Out From Under

March 7, 2012

The struggle for the mass of men and women to get out from under the thumb of the wealthy elite has, historically, been a long one.  Until now the United States has in it’s 235 + year, history helped the cause of poor men and women by managing, however slowly, to give its underclass the chance to free itself from the bonds of slavery and virtual indentured servitude, the stifling influence of religious fableism and the oppression of workers and women. But now we see in America the rise of a kind of new feudalism, the threat of theocracy, and a return to state and church sponsored misogyny.

What Rush Limbaugh did by slandering Sandra Fluke with his typical ugliness was to expose the thinking of a significant part of the conservative right and the Republican party. The vileness of that creep’s remarks has been tepidly challenged not only by the pathetic stock of this year’s GOP candidates, but by the party in general. If silence is golden the Republican party is again in its element. John McCain, to his credit, has been one of the few Republicans to call Limbaugh out for uncovering the sewer of his character yet again.

Sandra Fluke’s basic problem in the eyes of Republican fundamentalists is that she is a woman.  What’s worse Ms. Fluke is a smart, brave, accomplished, and socially conscious woman. This last is most likely the source of the derision of Limbaugh heaped on Fluke.  Let’s face it, besides his Machiavellian loud mouth and the money it sucks in, Limbaugh has little going for him in the realm of soul or physical attraction when it come to women.  He’s been married four times because (my guess is) once the allure of his wealth wore off and his exes realised what they’d married they decided it just wasn’t worth it, dumped him and left Rush to the desert of himself.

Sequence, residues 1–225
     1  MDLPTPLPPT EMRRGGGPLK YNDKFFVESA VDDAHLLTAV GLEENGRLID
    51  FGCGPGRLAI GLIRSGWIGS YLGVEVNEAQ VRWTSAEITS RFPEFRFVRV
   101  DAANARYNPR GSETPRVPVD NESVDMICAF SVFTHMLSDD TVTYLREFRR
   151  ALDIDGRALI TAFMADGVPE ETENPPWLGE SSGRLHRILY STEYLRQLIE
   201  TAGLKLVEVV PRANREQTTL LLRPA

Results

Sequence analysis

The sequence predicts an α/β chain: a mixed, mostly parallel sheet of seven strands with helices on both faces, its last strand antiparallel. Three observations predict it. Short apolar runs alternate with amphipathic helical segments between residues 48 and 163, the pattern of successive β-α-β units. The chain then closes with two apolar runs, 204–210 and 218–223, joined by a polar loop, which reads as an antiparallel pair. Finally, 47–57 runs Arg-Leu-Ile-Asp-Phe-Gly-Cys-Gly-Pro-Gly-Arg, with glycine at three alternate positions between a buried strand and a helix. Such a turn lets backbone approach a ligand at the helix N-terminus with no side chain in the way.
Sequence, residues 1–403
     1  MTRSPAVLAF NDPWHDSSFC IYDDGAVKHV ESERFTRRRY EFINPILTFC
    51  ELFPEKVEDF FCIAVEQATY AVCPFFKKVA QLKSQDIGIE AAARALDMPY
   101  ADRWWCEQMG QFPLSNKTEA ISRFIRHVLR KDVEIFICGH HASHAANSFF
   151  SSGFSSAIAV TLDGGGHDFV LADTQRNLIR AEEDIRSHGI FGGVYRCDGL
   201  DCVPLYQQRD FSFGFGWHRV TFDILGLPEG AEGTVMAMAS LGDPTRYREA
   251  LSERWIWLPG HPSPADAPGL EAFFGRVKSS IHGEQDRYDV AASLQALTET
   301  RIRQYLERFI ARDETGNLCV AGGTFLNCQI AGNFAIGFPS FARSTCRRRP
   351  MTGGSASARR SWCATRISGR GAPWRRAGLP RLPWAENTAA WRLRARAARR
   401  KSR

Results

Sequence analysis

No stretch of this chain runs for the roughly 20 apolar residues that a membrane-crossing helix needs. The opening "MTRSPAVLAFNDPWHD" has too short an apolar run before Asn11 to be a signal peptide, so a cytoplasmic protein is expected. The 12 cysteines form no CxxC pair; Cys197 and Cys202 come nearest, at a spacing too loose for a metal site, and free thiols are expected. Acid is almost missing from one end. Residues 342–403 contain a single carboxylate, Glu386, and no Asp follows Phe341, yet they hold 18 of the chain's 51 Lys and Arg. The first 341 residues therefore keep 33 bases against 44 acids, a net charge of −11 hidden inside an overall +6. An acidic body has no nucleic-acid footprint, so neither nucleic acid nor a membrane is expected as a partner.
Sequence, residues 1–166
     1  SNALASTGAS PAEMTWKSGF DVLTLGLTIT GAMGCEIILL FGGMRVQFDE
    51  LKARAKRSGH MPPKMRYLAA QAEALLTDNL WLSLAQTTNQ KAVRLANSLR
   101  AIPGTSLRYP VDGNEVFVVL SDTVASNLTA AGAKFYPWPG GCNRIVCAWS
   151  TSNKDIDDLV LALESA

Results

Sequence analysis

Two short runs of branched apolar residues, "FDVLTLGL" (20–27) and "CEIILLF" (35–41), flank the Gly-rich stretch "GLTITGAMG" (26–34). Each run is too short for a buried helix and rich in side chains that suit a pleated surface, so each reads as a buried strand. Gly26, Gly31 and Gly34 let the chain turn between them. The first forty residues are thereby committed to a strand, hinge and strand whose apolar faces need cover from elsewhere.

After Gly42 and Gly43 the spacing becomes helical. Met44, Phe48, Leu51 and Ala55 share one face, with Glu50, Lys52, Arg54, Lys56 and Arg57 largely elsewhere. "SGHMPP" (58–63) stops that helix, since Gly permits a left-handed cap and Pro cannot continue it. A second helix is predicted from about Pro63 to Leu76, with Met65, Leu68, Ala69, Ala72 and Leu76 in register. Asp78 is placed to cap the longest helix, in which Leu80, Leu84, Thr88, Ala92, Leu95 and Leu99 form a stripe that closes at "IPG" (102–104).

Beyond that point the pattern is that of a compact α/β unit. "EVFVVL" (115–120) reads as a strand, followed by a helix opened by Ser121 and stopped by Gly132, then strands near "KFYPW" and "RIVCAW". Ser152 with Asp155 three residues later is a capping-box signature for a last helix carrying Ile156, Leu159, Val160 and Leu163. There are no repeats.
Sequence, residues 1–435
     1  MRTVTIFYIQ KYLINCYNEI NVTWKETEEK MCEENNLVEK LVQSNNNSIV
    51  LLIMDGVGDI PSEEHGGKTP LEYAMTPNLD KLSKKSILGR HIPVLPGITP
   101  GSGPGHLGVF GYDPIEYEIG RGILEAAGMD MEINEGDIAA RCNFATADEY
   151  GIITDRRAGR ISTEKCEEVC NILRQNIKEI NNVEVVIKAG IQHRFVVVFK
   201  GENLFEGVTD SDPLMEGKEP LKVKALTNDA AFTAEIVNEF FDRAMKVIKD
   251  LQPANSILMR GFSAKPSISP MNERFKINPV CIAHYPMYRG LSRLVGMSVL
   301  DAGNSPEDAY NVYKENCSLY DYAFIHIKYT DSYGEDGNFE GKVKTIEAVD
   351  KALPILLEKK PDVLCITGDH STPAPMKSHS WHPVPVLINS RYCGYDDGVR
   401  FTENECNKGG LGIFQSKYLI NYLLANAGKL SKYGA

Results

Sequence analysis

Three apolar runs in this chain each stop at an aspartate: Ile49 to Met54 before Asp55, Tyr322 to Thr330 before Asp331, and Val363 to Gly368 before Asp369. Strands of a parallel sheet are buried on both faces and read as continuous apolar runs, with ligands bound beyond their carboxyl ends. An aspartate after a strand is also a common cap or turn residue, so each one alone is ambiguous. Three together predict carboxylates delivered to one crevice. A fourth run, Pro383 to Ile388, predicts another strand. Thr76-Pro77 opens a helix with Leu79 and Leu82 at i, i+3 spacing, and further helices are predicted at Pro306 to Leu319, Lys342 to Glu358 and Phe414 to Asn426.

But what the Limbaugh-Fluke incident brought to stark light is the iron grip that its medieval right has on Republicans. But why does the right hate women and feminism? This is a question Digby at Hulaballoo asks:

“We know why misogynist creeps like Rush Limbaugh hate feminism. But why do conservative intellectuals hate feminism (assuming they aren’t also twisted creeps like Limbaugh?)”

His answer comes in a piece by Mark Steyn.

Summing up, Steyn’s view is that the modern state’s trajectory is to undermine the traditional family and, therefore, everything that’s good. Without the support of the modern state women would have to perform the duties and responsibilities of millenia of women before them.  They would be forced to become subservient drudges and the sexual object of husbands —or men in general.

For Steyn “Big Daddy (big government) sings a siren song: … statism is a girl’s best friend.  So it is in government’s best interest for those men old fashioned enough to marry women and thereby woo them away from the big stash of Big Daddy Statist.”

So the state that allows women the same freedoms and opportunities as men, that lifts them out of subservient drudgery, or worse, is something to be reviled. This is the fundamental thrust of the conservative hatred of the liberal state and modern women: that it (and they) undermine, among other things, the traditional family and traditional economic structure that have allowed a small wealthy elite to pull the strings of power through most of history.

As Cory Robins summarizes at Hulaballoo:

“The priority of conservative political argument has been the maintenance of private regimes of power—even at the cost of the strength and integrity of the state. We see this political arithmetic at work in the ruling of a Federalist court in Massachusetts that a Loyalist woman who fled the Revolution was the adjutant of her husband, and thus not be held responsible for fleeing and should not have her property confiscated by the state; in the refusal of Southern slaveholders to yield their slaves to the Confederate cause; and the more recent insistence of the Supreme Court that women could not be legally obliged to sit on juries because they are ‘still regarded as the center of home and family life’ with their ‘own special responsibilities.’”

The cases Robins cites are old, but the sentiment is as immediate as Rush Limbaugh’s anti-woman rant and the attitude of a huge segment of the conservative right in this election year.

Jim Culleny



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